There’s a curious paradox at the heart of And Then We Danced. The traditional dancing practised at the Georgian National Ensemble in Tbilisi is built on discipline and hyper-masculinity. “There is no room for weakness in Georgian dance,” an instructor tells us early on. But truly great dancing demands passion as well – dancing, as someone once said, is just having sex while standing up. It’s this struggle that makes Levan Akin’s film so compelling, both as a coming-of-age story and an examination of ultra-conservative Georgian society.

First-time actors Levan Gelbakhiani and Bachi Valishvili are stunning as Merab and Irakli, the former a nervous ball of energy, the latter more self-confident and mysteriously aloof. The tension between them is palpable from the off, and cinematographer Lisabi Fridell bathes them in the syrupy glow of a summer romance. Not all of the tension is thrilling, however; Akin never allows us to forget how dangerous life in Tbilisi can be for LGBTQ people – a fact borne out by the fiercely negative reaction to the film from some groups in Georgia.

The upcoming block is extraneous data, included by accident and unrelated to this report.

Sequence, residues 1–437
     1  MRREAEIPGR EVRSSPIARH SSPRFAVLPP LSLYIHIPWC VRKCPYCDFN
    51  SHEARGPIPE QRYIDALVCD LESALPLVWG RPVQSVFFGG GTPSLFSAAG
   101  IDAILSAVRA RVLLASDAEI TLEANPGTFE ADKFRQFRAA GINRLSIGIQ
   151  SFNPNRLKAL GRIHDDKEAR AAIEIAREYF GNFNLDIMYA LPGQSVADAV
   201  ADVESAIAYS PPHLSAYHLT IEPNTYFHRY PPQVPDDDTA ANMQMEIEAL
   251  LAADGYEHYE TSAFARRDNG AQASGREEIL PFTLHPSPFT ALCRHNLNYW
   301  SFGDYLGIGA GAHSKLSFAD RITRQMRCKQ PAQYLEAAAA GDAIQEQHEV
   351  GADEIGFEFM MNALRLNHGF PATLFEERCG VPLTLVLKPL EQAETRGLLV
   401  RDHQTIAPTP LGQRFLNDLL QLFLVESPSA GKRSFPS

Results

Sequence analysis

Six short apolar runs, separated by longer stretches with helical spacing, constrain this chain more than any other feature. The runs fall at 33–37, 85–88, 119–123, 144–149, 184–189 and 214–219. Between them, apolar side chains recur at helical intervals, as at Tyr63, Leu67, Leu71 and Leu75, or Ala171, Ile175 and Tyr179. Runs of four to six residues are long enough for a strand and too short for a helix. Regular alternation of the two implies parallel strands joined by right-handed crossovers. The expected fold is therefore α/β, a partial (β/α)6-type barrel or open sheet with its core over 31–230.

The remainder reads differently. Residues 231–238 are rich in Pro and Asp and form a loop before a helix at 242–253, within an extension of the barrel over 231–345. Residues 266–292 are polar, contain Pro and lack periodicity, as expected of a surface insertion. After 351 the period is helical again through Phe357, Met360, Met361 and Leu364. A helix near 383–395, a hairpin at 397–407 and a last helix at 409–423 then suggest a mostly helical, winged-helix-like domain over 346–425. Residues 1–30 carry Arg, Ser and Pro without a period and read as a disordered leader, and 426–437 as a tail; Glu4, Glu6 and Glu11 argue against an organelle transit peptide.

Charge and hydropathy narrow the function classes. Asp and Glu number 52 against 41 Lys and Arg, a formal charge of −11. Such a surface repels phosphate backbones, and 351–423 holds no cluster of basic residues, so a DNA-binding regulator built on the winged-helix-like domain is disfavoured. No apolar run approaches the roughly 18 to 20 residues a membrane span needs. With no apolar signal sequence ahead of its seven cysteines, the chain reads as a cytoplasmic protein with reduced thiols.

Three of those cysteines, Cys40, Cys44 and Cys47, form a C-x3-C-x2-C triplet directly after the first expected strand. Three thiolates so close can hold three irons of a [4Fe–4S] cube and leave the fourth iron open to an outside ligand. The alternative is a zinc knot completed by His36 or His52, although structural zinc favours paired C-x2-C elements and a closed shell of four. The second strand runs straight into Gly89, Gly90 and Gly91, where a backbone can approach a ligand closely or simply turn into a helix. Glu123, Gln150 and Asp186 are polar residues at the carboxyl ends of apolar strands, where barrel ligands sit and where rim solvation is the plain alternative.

This perspective helps keep the film fresh when it stumbles in the second act. Many of the beats – the budding romance, the inevitable fights – are all very familiar, and a subplot involving Merab’s older brother could have used more time to breathe. Still, when the film focuses on Merab’s struggle to reconcile his two passions, it’s a riveting watch. Gelbakhiani is both a skilled actor and a gifted dancer, and the film ends with a routine that brims with enough passion and tension to rival the finale of Whiplash.

And Then We Danced is a beautiful film that – like learning to dance, or falling in love – is filled with equal parts pain and joy. Hopefully Levan Akin’s success will encourage a new wave of filmmakers in Georgia to step up and make their voices heard.



CAST: Levan Gelbakhiani, Bachi Valishvili, Ana Javakishvili, Giorgi Tsereteli

DIRECTOR: Levan Akin

WRITER: Levan Akin

SYNOPSIS: A passionate coming-of-age tale set amidst the conservative confines of modern Tbilisi, the film follows Merab, a competitive dancer who is thrown off balance by the arrival of Irakli, a fellow male dancer with a rebellious streak.